Living Bones


Lent 5A2023
Ezekiel 37:1-14

The hand of the Lord came upon me, and he brought me out by the spirit of the Lord and set me down in the middle of a valley; it was full of bones. Thus begins our reading from Ezekiel.

Unless this scripture was read during Easter Vigil, the last time we read this scripture was March 29, 2020. Remember the world on March 29, 2020? We were two weeks into the pandemic in Arizona. On March 14, 2020, Bishop Hutterer had strongly recommended that congregations not meet in person for at least two weeks. On March 31, then-governor Doug Ducey issued Stay-at-Home Orders. Streets and highways went quiet; I remember going for my morning run right on Thomas Road, not the sidewalk, the actual street. Everyone who could shifted their lives to work at home. Schools closed or never reopened after spring break. We all purchased zoom accounts and discovered YouTube streaming and Facebook Live. At every cough, we wondered if we had the coronavirus and flocked to drive-through testing sites attended by nurses in full protection gear. On the streets and sidewalks in my neighborhood, people had written in chalk phrases like: We’re all in this together. On March 29, 2020, there was no division among us. We were scared and confused and didn’t know what to do. Of course, we know what happened next; Covid-19 and its consequences laid waste our community, many communities. Full-blown arguments and division driven by fear and isolation, misunderstandings and political games—among our family and friends, in church communities, at school board meetings, in Congress. Many, many deaths of beloved people, people we couldn’t even visit in the hospital. Devastating economic consequences and life made even more impossible for people experiencing homelessness—when not even public libraries were open for people to use the restroom and charge their phones. Long-term consequences borne by our young children still developing and a society already fractured driven more deeply into political extremes. A valley of dry bones. And maybe, when we look out at the landscape of Esperanza, of our family, of our culture at large, maybe we still see vestiges of that valley of dry bones.

To us this morning, God asks: Mortal, can these bones live?

The ancient Israelites whose figurative bones were lying in this valley had been laid waste by the Babylonians. Not just three years but 39 or 48 years of exile, depending on how its counted. Their temple destroyed. Their families torn apart. Beloved ones dead. Nearly all ancient Jews bound and brought to Babylon. The effect of the Babylonian Exile on God’s people can hardly be overestimated. The people grieved, hard, and their hope was lost. They were, in effect, a valley of dry bones. So, when God asks the prophet Ezekiel: Mortal, can these bones live? Notice Ezekiel does not say “yes” or “no.” Instead, he says: O Lord God, you know. Perhaps because Ezekiel really isn’t sure. Notice that God doesn’t just raise these dry bones from the dead out of nothing. Notice God calls on Ezekiel to participate. Prophesy to these bones, God says. Prophesy breath and sinew and skin. And prophesy to the breath, God says. And when Ezekiel does, bones come together, skin covers them, breath enters them and they live and stand on their feet, a vast multitude. And then, God says: Mortal, these bones are the whole house of Israel. Not an individual, not a small community, but the whole house of Israel. And, God continues, I will put my spirit within you, and you shall live.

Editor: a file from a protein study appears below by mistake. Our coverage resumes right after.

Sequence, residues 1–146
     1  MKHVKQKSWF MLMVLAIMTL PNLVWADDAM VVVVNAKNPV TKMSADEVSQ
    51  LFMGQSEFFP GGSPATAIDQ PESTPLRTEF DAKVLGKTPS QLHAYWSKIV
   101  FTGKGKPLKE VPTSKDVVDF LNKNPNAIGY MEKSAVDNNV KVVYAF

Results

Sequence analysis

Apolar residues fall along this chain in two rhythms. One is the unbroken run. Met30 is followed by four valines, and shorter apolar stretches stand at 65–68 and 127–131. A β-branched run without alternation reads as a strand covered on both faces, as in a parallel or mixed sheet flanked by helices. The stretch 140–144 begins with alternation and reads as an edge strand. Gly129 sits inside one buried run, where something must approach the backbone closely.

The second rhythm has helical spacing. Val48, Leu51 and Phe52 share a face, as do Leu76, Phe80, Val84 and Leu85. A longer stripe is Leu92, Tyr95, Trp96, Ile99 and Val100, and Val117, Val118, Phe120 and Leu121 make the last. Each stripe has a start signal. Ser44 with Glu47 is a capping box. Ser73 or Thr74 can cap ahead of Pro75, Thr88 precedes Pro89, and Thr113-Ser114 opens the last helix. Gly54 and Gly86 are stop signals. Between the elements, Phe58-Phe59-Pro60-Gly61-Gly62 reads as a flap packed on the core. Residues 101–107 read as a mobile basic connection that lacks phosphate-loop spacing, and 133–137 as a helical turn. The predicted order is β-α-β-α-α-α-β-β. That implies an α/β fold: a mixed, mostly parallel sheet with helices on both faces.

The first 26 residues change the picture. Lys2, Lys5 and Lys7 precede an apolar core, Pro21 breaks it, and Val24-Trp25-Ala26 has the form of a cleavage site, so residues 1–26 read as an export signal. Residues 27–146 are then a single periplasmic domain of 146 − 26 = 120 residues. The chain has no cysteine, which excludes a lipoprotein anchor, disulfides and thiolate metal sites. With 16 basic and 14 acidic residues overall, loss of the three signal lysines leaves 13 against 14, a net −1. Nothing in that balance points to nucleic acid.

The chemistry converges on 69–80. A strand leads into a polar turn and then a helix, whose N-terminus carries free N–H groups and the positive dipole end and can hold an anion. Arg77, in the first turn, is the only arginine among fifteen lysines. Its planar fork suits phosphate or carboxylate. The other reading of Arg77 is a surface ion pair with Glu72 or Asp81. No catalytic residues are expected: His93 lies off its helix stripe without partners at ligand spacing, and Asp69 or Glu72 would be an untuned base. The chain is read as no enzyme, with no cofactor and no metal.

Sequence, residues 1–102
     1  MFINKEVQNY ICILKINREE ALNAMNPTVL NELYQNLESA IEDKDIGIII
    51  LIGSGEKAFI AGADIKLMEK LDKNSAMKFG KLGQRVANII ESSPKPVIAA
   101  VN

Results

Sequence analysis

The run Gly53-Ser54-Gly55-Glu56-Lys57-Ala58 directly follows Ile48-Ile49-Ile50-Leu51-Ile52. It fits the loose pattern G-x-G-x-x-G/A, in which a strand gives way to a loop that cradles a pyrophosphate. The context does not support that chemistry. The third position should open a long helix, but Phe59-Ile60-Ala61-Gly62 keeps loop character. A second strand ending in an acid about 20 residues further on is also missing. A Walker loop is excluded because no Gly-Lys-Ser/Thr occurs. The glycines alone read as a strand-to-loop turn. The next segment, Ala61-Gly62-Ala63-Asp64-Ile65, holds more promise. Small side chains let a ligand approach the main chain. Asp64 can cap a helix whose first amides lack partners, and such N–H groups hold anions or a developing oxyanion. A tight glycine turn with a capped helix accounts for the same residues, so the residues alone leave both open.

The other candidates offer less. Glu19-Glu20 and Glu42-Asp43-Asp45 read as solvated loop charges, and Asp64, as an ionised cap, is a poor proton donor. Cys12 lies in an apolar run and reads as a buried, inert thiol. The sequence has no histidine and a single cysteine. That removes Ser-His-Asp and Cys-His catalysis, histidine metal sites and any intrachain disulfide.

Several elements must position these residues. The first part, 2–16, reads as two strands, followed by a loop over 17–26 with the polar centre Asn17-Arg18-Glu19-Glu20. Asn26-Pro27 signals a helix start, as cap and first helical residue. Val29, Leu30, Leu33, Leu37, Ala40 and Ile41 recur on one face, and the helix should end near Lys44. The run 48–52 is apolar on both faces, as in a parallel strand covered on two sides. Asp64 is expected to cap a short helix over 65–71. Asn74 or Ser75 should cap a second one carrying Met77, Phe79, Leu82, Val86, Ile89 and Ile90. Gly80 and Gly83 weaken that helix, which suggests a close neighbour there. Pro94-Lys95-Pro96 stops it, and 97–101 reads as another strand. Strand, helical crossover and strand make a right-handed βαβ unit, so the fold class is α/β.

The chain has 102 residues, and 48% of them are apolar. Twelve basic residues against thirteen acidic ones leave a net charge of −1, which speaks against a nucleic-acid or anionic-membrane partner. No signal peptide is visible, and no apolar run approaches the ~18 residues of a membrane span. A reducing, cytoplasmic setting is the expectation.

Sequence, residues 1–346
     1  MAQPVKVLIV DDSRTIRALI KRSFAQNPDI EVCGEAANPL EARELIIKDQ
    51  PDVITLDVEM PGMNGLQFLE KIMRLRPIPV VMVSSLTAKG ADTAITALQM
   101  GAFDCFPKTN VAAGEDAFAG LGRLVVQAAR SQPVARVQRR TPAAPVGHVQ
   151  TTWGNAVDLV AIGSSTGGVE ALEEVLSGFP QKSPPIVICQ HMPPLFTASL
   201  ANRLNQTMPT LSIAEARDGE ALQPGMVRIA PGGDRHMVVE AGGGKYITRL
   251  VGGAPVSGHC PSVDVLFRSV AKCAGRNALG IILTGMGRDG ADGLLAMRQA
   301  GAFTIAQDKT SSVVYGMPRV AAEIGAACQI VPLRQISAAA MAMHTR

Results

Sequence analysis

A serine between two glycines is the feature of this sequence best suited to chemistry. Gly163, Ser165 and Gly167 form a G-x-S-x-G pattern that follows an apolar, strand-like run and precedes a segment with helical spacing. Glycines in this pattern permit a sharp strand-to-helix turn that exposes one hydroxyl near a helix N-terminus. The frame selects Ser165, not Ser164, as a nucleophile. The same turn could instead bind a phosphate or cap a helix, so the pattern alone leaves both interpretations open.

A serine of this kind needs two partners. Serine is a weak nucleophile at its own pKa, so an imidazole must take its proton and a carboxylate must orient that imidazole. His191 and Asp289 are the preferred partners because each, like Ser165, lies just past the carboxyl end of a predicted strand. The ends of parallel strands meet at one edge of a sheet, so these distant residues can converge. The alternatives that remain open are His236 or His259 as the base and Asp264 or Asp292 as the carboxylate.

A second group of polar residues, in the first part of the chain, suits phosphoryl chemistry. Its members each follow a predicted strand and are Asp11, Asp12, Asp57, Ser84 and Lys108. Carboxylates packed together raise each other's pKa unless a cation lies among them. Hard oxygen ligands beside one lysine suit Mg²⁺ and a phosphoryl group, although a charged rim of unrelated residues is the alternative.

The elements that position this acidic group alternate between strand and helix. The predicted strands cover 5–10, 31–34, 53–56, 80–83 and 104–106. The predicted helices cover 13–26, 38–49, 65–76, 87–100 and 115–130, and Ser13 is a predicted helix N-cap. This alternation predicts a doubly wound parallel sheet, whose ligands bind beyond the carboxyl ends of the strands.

Mortal, can these bones live? Yes, they can. If Ezekiel had said: “Absolutely not. We are lost” perhaps they would have been though we don’t know because he didn’t say that. The historical reality is that exile ended. The temple was rebuilt. Though changed, families reunited. People returned to their land. The same old problems of the days before the exile emerged, namely economic injustice, just as if the exile had never happened.

These bones can live. Our life together as people of God can and is being resurrected. By the power of the Holy Spirit. Notice that we made it through the pandemic. Notice how each one of us put one foot in front of the other. Notice how we made meals for nurses and the good folks of Grace Lutheran. Notice how we went right on knitting prayer shawls and teaching children at Children of Hope. Notice how we allowed ourselves to be uncomfortable and how we allowed our patterns to change. Notice how things have changed and how we have been part of that change.

Life at Esperanza and in our own households isn’t perfect. Life continues to march on with the full, vivid chorus of illness and death, birth and constant change. Perhaps we’ll never figure out the mystery of how to live stream with the powerpoint with just a flip of a few switches and a couple passwords. Perhaps we will carry on being ornery with each other because we aren’t perfect and we make mistakes. Perhaps change will always be hard, with a few of us out in front and most of us lagging behind, reluctant to get pulled along. But by the breath of God, the Holy Spirit, these bones can live, do live, will live. If today we are invested in going back and investigating these bones, telling story after story about the despair of these bones, rehashing the mistakes and failings of ourselves, this community, or the world, we will miss the way God has already put bone to bone, covered them with flesh, and breathed life into them.

Here at Esperanza, we are people of hope, and this could be our story of re-birth. Mortal, can these bones live? By the power of the Holy Spirit, we are people of hope, so yes, these bones can live. Thanks be to God! Amen.